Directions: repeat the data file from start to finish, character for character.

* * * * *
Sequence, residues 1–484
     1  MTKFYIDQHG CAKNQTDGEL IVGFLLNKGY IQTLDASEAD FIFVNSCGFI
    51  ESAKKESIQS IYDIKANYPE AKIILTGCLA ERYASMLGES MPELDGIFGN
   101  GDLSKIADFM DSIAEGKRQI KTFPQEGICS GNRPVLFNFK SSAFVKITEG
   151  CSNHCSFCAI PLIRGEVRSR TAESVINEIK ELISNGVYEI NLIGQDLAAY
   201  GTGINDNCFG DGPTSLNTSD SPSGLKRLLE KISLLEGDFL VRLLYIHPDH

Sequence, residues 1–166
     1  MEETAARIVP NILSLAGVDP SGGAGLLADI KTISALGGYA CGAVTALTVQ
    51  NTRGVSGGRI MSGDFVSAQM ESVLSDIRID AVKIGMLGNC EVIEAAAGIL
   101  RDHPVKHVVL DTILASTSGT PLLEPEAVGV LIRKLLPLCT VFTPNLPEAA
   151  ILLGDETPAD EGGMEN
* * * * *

Sequence, residues 1–484
     1  MTKFYIDQHG CAKNQTDGEL IVGFLLNKGY IQTLDASEAD FIFVNSCGFI
    51  ESAKKESIQS IYDIKANYPE AKIILTGCLA ERYASMLGES MPELDGIFGN
   101  GDLSKIADFM DSIAEGKRQI KTFPQEGICS GNRPVLFNFK SSAFVKITEG
   151  CSNHCSFCAI PLIRGEVRSR TAESVINEIK ELISNGVYEI NLIGQDLAAY
   201  GTGINDNCFG DGPTSLNTSD SPSGLKRLLE KISLLEGDFL VRLLYIHPDH

Sequence, residues 1–166
     1  MEETAARIVP NILSLAGVDP SGGAGLLADI KTISALGGYA CGAVTALTVQ
    51  NTRGVSGGRI MSGDFVSAQM ESVLSDIRID AVKIGMLGNC EVIEAAAGIL
   101  RDHPVKHVVL DTILASTSGT PLLEPEAVGV LIRKLLPLCT VFTPNLPEAA
   151  ILLGDETPAD EGGMEN